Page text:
Courtesy of Rockefeller University
The patch of hair on this bald mouse’s back is the result of a single transplanted stem cell. The method may one day be used to grow hair on humans.
Patrick Stewart and James Gandolfini, take note. Biochemists led by Elaine Fuchs of Rockefeller University have isolated stem cells that may someday grow new hair on a bald head. This is more than a vanity project for the Rogaine set: The work could also lead to custom-grown skin grafts and a better understanding of how the body regenerates itself.
The skin’s ability to grow back after a wound led scientists to assume that it must contain stem cells, immature cells that can rapidly differentiate into many different types of tissue. Until now, however, nobody knew where such cells were located in the skin or how many kinds there might be.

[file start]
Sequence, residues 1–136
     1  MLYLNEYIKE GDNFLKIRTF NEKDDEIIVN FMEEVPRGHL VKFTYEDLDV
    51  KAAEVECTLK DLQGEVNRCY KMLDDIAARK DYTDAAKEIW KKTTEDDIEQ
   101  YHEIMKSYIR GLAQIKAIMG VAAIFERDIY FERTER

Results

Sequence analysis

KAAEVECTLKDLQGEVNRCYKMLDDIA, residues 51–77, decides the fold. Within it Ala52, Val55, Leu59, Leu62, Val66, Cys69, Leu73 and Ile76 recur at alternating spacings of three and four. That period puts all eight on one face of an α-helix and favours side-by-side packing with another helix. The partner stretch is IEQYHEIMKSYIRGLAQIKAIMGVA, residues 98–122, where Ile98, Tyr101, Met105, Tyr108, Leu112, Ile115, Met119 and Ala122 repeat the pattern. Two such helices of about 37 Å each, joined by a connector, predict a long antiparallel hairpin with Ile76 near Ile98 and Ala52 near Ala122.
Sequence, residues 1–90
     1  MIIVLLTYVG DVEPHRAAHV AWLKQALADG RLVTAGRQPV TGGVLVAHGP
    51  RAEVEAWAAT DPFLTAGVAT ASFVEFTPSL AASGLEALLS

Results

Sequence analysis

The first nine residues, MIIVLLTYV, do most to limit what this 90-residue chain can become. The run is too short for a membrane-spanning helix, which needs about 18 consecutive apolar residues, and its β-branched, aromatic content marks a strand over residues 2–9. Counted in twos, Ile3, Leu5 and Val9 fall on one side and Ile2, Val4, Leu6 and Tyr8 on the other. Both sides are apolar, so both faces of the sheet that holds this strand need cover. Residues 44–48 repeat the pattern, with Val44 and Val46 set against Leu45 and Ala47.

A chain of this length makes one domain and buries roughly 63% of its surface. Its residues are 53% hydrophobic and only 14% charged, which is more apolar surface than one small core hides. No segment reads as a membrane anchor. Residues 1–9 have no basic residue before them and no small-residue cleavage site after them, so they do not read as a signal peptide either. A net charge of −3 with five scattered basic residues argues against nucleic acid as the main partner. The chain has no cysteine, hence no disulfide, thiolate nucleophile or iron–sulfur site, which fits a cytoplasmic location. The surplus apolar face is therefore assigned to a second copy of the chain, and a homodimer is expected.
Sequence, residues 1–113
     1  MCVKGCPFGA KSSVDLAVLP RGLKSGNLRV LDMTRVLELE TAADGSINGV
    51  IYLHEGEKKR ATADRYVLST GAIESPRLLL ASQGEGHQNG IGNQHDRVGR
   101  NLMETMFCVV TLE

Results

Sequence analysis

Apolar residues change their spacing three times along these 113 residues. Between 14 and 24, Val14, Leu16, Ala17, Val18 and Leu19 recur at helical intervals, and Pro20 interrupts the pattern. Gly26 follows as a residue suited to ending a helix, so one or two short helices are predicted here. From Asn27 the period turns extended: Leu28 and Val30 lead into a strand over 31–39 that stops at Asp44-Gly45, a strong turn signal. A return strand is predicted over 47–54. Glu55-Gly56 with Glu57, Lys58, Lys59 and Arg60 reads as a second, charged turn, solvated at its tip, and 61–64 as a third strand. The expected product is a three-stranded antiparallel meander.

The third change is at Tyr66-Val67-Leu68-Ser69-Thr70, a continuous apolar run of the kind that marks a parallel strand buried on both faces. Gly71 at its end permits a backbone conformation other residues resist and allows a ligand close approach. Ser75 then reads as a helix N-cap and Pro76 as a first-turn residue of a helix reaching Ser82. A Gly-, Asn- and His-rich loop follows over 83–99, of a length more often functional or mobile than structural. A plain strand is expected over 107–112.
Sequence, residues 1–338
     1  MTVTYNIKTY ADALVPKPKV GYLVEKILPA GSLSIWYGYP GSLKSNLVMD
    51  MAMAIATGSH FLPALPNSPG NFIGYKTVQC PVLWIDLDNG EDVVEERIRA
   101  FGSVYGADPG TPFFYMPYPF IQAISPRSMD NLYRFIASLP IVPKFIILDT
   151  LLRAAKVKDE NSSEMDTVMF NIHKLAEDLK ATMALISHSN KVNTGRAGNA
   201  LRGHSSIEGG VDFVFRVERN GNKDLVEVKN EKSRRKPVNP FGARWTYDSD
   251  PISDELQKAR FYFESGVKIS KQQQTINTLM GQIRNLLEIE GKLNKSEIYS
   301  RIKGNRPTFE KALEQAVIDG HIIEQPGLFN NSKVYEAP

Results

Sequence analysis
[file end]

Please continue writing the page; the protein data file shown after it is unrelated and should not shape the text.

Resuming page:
Using fluorescent markers, Fuchs and her colleagues isolated two distinct populations of stem cells from mouse skin. The researchers then extracted the cells and grafted them onto genetically engineered hairless mice. Both cell populations caused the mice to develop thick patches of fur, along with all the other components of skin, including sweat and sebaceous glands.
These stem cells are different from the controversial ones extracted from embryos. “Embryonic stem cells are pluripotent, meaning they have the ability to become any type of tissue,” Fuchs says. “We know these stem cells are multipotent—they can become any epidermis-derived tissue—but beyond that, we don’t know.”
Fuchs is now working on isolating equivalent cells in humans. “To really treat baldness, you’d have to understand all the chemical pathways cells use to tell each other when to grow,” she says. “That could take a while.”